In Jiat-Hwee Chang’s, A Genealogy of Tropical Architecture, she comments on the power dynamics that presupposes many architectural decisions made in SEA. Although her work is at times difficult to understand, she illustrates the key problem of a priori tropicality logic that runs through architectural concepts in tropical environments. [7] Her arguments about these presumptions are quite accurate, but arguably fail to capture the actual human practices that surround cooling. Despite this, Sahakian’s idea that there is a lack of consensus on global standards of comfort synchronises well with Chang’s concepts that ‘tropical architecture’ should not be dominated by western ideas. After all, acclimatisation and adaptation mean that people suited to living in tropical climates perceive heat differently, and buildings and dwellings, should in theory reflect this. [8]

The seemingly hodgepodge of sources presented are but a preliminary survey of accounts that have been gathered in the process of research for a much larger piece of work. The crux of this entire project on cooling rests both on the perceptions of comfort concerning cooling, and how society changed during the period where fans were replaced by AC units. This should raise some interesting questions on changing perceptions of comfort, and the influence that it has had on society. Quite curiously, it also delves into concepts of tropicality, and whether AC supports or subverts its key tenets. Ultimately, a research topic that appears to be worthy of closer examination.


[1] National Library of Singapore, Reel N1452, Sunday Tribune, entry 10 February 1935, page 10.

[2] Chiang, interviewed by Roger Loh, 8th March 2022, interview 1.

[3] Jeff Biddle, ‘Explaining the Spread of Residential Air Conditioning, 1955-1980’, Explorations in Economic History, 45:4, (September 2008), p. 2.

[4] National Library of Singapore, Reel N1452, Sunday Tribune, entry 10 February 1935, page 10.

[5] Ibid.

[6] Marlyne Sahakian, Keeping Cool in South East Asia: Energy Consumption and Urban Air-Conditioning, (London, 2014), p. 66.

[7] Jiat-Hwee Chang A Genealogy of Tropical Architecture: Colonial Network, Nature and Technoscience, (London, 2016)

[8] Ibid.

A Spatial Construction of Dual Identities: South Asian Convicts Labourers in the Strait Settlements

For the long essay, I aim to discuss the use of South Asian convict workers in the construction and maintenance of Strait Settlement colonies by the British in the late 18th and early 19th centuries. I will provide a particular focus on Penang and Singapore, presenting how these colonies were both spaces of imprisonment and spaces of individual freedoms.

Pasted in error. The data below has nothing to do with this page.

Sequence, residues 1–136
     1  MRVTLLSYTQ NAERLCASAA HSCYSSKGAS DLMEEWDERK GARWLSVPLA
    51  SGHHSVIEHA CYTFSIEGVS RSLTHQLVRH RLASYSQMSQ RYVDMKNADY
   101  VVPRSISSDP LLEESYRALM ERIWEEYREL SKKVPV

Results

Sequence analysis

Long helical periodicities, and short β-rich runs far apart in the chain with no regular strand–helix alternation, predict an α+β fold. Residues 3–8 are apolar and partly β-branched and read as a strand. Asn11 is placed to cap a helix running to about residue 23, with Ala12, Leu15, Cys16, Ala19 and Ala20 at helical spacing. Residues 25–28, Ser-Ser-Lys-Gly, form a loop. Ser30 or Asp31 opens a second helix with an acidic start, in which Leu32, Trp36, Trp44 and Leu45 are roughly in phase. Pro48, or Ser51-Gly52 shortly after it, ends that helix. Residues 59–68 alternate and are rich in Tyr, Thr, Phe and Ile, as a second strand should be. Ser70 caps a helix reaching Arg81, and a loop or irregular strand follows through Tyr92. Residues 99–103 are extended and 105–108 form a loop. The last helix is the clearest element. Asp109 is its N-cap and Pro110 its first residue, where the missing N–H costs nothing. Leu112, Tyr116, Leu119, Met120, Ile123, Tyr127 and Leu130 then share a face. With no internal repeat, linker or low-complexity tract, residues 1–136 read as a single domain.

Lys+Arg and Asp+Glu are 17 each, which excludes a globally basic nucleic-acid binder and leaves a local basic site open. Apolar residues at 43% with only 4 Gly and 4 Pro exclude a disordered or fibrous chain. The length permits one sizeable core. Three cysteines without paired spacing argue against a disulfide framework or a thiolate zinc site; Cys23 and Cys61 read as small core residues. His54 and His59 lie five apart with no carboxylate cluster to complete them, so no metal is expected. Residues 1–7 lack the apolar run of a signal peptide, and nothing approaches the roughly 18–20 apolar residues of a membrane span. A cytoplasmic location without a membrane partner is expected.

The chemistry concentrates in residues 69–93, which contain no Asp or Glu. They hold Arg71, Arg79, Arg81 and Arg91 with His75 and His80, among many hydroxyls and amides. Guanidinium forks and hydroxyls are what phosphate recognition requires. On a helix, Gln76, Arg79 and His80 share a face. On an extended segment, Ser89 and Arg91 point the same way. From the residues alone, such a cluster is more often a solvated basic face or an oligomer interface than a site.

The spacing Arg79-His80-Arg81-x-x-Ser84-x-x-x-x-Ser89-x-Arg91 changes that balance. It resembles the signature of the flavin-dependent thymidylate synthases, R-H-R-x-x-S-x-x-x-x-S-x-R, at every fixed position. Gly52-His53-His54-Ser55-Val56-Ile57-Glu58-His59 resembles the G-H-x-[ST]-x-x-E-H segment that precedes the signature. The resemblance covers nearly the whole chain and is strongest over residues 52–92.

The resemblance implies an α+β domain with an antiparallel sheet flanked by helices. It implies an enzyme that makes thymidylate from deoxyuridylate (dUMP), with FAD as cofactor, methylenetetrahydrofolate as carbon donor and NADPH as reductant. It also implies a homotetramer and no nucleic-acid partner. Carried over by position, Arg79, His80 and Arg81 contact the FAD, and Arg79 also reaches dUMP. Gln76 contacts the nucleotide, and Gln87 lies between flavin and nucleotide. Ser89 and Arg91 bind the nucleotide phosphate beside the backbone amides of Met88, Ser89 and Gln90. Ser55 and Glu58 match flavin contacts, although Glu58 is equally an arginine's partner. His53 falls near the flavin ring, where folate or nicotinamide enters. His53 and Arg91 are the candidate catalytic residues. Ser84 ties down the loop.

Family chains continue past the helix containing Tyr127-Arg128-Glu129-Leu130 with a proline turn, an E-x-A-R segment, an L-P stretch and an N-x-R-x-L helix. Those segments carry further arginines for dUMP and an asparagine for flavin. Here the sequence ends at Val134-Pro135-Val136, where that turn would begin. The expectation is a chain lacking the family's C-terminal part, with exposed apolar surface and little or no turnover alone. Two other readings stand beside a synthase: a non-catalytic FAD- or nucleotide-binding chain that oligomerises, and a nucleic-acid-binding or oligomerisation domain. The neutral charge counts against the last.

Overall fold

On a theoretical level, I have drawn influence from Lefebvre’s conception of space as socially constructed, constituted of multiple layers, each with its unique set of meanings.[1] Strait Settlements were spaces of life imprisonment where the agency of individual labour was requisitioned and used for colonial expansion and maintenance. However, Strait Settlements were spaces where convicts could construct heterotopic identities, one of perpetual imprisonment and one of individual agency and value.

Additionally, I have drawn heavily upon Anand Yang’s recent publication, Empire of Convicts and his argument of a duality of identity experienced by convict workers. He highlights how the necessity for labour in distant colonies created an environment for which convicts could express a degree of agency in their own lives, calling themselves Company ke Naukar (workers of the company) rather than Bandwars (prisoners).[2] I plan to present the spatial construction of Strait Settlements as conduits for convicts to express this duality of identity.

In terms of primary sources, the National Archives of Singapore provides an excellent base to acquire Strait Settlement government reports (A08-A24 Penang Consultations), maps (Singapore Survey Department), and newspaper articles (Straits Times, Malaya Tribune, Singapore Free Press) on the use of convict workers in Strait Settlement colonies.[3] Blue Books and Consultation notes provide statistical data and activities on the movement, use and disposal of south Asian convict workers.[4] These sources provide knowledge on the scale of convict worker usage and the nature of how they were used in settlement construction and maintenance. Letters and correspondence from governors such as Francis Light, George Leith, Robert Farquhar and Stamford Raffles highlight direct correspondence with the East India company on discussions related to the usage of convict workers. Finally, I aim to look at Calcutta criminal and judicial records to provide information on individual convicts who arrived in the colonies.